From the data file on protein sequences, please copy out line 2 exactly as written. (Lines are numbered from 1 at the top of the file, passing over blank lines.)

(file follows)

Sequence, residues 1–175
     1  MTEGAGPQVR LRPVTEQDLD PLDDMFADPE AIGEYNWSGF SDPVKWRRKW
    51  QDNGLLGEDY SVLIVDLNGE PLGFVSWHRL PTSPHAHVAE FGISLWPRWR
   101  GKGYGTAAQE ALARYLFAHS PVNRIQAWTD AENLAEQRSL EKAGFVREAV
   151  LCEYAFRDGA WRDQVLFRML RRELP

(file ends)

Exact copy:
     1  MTEGAGPQVR LRPVTEQDLD PLDDMFADPE AIGEYNWSGF SDPVKWRRKW